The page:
Thursday, August 22, 2019

Cow Signals workshop gives farmers the edge

July 31, 2018 by  
Filed under Livestock

special workshop due to be held in Lincolnshire this month aims to help dairy farmers better understand their cows and meet herd needs.

Organised by AHDB Dairy, the Cow Signals workshop will be held on 30 August at Home Farm, Spittle on the street, Market Rasen. It is the latest in a series of workshops to help improve dairy cow health and production.

Master trainer Rob Davies hosted the first Cow Signals workshop in mid-June. The meetings are designed to support AHDB’s optimal dairy systems programme which is helping farmers’ lower costs and increase efficiencies.

Behavioural signs

Mr Davies explained: “Cows always tell the truth. Understanding the signals they give out can help farmers manage stress and produce happier healthier cows who live longer and are less prone to disease.”

Small changes could help improve productivity, added Mr Davies. As well as explaining a cows’ physical and behavioural indications, the workshop included a practical session in the sheds where farmers could try out their observation skills.

Ideally, cows should spend 14 hours lying, six hours feeding, two hours socialising and two hours milking daily – doing little of each in two hour cycles. But poor ventilation, uncomfortable beds, lack of easy access to feed and water can all disrupt natural behaviour and cause stress.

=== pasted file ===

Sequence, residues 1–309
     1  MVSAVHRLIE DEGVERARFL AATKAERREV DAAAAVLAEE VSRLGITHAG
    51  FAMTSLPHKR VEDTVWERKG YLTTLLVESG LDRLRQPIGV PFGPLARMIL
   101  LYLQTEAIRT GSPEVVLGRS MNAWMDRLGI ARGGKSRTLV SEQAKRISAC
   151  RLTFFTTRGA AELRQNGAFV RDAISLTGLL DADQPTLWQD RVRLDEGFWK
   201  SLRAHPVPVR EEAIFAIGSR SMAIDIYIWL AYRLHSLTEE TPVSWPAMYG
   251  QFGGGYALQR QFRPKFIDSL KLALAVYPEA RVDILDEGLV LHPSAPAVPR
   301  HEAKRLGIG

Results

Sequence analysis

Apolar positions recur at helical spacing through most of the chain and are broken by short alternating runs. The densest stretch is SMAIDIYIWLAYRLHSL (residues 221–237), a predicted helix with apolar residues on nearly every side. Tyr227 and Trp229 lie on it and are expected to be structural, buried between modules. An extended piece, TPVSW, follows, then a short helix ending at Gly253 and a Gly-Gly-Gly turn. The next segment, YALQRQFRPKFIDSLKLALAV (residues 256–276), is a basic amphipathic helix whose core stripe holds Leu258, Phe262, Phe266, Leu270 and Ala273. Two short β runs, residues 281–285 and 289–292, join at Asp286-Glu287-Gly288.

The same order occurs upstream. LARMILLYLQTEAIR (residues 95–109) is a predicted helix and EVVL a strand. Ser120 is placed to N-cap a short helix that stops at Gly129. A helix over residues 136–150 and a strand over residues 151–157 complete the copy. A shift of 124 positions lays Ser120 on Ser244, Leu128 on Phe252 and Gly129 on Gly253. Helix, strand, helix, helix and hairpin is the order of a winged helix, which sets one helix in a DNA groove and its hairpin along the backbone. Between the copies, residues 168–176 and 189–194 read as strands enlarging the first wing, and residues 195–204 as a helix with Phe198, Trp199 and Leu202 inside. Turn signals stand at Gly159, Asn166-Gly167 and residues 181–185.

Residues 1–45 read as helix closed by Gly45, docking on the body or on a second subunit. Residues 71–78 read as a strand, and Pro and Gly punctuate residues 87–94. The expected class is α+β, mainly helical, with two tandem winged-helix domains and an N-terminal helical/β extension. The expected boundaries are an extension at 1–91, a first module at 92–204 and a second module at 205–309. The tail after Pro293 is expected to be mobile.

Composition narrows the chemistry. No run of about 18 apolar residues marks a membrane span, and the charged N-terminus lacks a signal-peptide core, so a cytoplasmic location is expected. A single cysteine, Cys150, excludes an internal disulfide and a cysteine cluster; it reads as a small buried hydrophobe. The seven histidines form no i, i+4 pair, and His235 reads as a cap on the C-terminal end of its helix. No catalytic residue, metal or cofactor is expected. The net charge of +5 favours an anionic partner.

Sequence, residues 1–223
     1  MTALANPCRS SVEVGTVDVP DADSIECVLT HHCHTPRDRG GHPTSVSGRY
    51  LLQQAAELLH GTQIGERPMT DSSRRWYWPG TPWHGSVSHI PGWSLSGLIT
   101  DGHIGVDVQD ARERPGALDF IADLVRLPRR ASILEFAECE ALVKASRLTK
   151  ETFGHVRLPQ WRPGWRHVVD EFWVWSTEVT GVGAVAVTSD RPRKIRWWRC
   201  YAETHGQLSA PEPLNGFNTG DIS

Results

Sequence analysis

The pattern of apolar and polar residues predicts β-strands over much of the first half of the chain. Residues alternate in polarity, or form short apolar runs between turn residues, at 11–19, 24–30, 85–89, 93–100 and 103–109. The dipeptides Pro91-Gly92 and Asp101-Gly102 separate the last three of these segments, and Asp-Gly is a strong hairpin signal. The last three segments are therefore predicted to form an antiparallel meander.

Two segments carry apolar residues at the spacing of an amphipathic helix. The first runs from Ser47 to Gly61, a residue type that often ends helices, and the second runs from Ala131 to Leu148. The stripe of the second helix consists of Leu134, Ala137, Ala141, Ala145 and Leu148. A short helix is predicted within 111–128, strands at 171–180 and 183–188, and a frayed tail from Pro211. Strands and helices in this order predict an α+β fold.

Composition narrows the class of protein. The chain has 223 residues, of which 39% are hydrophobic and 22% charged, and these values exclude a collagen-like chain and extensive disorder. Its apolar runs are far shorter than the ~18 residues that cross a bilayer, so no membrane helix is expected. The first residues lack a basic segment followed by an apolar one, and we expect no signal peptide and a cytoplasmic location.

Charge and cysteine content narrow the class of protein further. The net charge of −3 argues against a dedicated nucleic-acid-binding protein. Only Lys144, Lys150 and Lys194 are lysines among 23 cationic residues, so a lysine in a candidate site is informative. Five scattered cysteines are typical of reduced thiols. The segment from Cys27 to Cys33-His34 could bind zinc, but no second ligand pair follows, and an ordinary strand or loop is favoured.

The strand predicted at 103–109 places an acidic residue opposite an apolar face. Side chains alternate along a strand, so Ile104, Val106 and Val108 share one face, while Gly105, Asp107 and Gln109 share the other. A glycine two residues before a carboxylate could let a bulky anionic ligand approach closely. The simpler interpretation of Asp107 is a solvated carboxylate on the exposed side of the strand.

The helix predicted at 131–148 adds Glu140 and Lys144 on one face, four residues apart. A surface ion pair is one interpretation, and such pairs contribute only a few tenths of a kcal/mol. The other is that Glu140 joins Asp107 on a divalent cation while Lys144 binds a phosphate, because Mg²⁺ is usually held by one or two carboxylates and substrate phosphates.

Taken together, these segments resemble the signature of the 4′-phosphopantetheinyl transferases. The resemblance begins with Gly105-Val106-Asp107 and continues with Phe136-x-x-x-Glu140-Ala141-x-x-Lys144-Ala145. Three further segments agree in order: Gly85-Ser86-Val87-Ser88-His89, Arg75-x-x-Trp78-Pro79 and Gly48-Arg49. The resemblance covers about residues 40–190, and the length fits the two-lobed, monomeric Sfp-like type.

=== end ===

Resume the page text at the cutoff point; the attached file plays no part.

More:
Fresh perspective

Mr Davies said: “Farmers should focus on bedding and feed as this is where cows spend most of their time. It’s not always possible to make lots of changes at once so you have to think about what is going to have the biggest impact for the lowest cost.”

Dairy farmer Mark Wood, who attended the workshop, said: “A lot of what Rob said was common sense, but sometimes it helps look at things from a fresh perspective. A lot of little things can make a big difference and sometimes those little things need pointing out.

“The workshop has made me think about what to look at back at home. I’m definitely going to be looking at my feed barrier placement, to stop neck rubbing, which will hopefully improve feed intakes. I would also like to look at lighting and lux figures, to improve feed intakes even more”.

The Lincolnshire workshop will be hosted by trainer Lowri Davies and AHDB Dairy knowledge exchange manager Steve West. For full details, including booking information, please visit